John Hood: Start up the rural economy

Apr. 07, 2014 @ 08:56 PM

RALEIGH — During most of its history, North Carolina was a state of widely dispersed residents. There were no truly big cities and many small towns. Particularly along the state’s rivers and streams, you’d find a thriving mill town or farming village every few miles.
That’s not what North Carolina looks like anymore.
The state added nearly 100,000 new residents through birth and migration last year. Nearly half, about 45,000, arrived in the two most-populous urban counties, Mecklenburg and Wake. Their suburbs also experienced rapid growth. If you add the populations of the Charlotte and Triangle metropolitan areas together, you get 4 million people. Add in the Piedmont Triad, Asheville, Fayetteville, and Wilmington metros, and you get 6.5 million, or nearly two-thirds of the state’s population.
Now, it’s important not to push the story of North Carolina’s impending Manhattanization too far. Plenty of places in the state’s fast-growing metropolitan areas still look rural. There are still working farms and small towns in Wake, Buncombe, Forsyth, Union, Gaston, Johnston, Harnett, and other “metro” counties. The share of North Carolinians who live in rural areas or small cities (regardless of their proximity to big cities) is still far higher than the national average.
A third of North Carolinians live outside major metropolitan areas. They inhabit communities with proud histories, natural resources, and significant public and private capital. Millions of people still cast votes in places such as Hickory, Shelby, Rocky Mount, Lumberton, Greenville, Elizabeth City, and Wilson.
For today’s new generation of North Carolina politicians, the sweet spot lies between daring too little and promising too much. Giving rural residents the false hope that a few new roads or tax incentives will lead to massive business relocations employing thousands of people is both cruel and politically dangerous. Fortunately, there is a better answer.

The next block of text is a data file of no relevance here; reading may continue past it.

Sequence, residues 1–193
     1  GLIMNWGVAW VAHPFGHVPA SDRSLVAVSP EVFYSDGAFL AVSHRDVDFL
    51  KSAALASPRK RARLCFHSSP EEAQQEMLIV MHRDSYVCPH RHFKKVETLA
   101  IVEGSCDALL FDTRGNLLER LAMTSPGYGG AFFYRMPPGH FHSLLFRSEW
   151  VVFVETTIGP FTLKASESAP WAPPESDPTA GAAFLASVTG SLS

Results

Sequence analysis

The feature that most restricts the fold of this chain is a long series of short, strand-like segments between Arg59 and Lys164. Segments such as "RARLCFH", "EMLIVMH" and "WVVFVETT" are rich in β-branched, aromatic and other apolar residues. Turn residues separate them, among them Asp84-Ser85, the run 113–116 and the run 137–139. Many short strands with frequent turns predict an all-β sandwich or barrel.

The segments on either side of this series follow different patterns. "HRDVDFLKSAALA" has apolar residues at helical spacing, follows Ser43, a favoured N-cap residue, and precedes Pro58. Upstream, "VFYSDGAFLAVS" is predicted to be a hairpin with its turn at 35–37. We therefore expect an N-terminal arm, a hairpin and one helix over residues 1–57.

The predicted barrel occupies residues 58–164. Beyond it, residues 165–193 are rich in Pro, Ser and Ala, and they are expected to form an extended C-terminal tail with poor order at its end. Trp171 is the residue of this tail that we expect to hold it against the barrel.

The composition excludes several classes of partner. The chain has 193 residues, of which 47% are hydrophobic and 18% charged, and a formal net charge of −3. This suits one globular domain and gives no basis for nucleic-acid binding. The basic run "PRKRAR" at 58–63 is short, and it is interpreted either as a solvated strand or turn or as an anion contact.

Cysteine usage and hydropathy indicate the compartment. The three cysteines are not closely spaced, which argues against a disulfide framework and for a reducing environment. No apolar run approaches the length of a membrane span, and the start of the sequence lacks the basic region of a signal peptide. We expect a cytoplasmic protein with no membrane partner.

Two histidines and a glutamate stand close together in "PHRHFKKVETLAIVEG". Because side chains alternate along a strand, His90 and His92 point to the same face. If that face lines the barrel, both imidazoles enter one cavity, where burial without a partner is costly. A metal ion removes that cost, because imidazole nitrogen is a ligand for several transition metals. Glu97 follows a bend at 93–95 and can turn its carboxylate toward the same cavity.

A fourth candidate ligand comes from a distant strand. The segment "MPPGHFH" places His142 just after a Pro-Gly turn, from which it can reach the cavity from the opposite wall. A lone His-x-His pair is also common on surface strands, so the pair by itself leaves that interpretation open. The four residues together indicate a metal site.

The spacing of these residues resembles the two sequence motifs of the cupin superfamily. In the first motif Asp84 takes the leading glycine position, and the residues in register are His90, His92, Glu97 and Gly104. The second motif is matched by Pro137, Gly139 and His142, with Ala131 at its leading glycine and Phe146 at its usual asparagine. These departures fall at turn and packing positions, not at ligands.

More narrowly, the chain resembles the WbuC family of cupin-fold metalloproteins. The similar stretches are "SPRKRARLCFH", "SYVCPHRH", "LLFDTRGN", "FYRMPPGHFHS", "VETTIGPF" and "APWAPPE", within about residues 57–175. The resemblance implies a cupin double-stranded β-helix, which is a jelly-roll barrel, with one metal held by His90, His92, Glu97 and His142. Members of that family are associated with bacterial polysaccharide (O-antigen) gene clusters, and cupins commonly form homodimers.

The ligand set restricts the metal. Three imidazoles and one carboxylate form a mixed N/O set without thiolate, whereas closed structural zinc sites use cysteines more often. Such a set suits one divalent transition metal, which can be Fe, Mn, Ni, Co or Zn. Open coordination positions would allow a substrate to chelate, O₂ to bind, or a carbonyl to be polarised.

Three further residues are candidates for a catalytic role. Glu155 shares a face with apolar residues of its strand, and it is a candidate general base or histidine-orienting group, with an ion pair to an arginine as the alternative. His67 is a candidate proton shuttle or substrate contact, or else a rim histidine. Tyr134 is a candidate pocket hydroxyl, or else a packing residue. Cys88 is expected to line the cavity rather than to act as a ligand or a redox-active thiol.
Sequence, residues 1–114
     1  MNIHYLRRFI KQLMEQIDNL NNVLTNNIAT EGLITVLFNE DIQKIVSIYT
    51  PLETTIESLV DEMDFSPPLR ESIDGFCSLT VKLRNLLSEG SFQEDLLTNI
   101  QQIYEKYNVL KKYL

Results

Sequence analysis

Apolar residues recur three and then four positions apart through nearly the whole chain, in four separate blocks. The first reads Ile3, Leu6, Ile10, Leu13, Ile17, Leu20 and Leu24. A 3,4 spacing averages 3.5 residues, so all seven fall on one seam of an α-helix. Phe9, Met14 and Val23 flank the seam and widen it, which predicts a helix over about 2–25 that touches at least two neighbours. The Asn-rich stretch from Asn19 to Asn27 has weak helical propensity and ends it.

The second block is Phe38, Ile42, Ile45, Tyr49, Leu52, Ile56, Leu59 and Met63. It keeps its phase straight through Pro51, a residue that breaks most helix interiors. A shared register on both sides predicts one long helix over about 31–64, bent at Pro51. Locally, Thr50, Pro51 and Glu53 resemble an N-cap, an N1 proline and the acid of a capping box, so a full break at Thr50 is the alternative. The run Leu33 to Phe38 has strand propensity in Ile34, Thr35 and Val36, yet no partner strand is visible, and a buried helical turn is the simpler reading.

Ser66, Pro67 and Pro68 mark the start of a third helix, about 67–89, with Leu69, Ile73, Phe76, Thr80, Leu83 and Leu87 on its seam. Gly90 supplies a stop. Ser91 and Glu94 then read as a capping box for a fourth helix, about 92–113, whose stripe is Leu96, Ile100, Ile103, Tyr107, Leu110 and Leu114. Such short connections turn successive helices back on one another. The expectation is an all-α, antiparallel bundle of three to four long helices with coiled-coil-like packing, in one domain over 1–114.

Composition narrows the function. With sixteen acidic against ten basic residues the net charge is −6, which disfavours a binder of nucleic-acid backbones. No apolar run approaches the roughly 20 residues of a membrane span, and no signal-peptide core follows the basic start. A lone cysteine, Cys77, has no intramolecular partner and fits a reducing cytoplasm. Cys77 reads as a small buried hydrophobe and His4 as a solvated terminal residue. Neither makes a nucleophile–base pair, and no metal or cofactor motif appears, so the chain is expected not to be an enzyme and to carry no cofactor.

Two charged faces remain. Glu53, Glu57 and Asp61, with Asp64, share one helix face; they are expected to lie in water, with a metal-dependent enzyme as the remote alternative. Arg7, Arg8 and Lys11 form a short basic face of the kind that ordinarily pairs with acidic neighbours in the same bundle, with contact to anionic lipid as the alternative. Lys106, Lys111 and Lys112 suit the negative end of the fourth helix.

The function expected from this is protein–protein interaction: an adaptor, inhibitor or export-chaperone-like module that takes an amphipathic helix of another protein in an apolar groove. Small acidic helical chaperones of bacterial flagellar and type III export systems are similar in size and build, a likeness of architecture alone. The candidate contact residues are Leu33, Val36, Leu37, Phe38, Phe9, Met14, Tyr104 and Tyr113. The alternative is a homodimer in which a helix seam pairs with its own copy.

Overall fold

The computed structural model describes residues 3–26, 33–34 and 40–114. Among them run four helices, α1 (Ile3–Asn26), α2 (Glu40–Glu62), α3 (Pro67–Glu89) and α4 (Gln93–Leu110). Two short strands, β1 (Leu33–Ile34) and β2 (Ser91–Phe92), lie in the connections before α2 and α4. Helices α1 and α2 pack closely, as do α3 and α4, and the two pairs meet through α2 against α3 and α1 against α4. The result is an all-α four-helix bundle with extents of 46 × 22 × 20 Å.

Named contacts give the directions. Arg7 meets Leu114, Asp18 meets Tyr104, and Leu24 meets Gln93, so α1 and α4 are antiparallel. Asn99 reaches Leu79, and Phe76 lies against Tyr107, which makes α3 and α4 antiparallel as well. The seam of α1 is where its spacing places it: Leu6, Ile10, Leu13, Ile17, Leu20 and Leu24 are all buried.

Rather than simply embarking on a new “buffalo hunt” for industrial prospects, North Carolina’s towns and rural communities should focus on cultivating entrepreneurs. People who start their own businesses are more likely than corporate CEOs or relocation consultants to value what rural areas have to offer, including natural amenities and lower costs for land and labor. Although the rate of business starts usually correlates with job and income growth across the board, the effect appears to be particularly strong in non-metro counties, where new business owners are often locals or have family ties to the area. That means they are less likely to leave as their revenues and payrolls grow.
What can local policymakers do to promote entrepreneurship? The preponderance of academic research suggests that keeping tax burdens and regulatory costs as low as possible raises the likelihood of business starts. So do measures that raise the skill level of the local workforce through high-school completion, apprenticeships, and employer-led job training.
Modern economies are never static. Free enterprise is both creative and destructive at the same time. We’ve heard enough about the latter. Now is the time for creativity.

John Hood is president of the John Locke Foundation and publisher of Representations of fact and opinions are solely those of the author.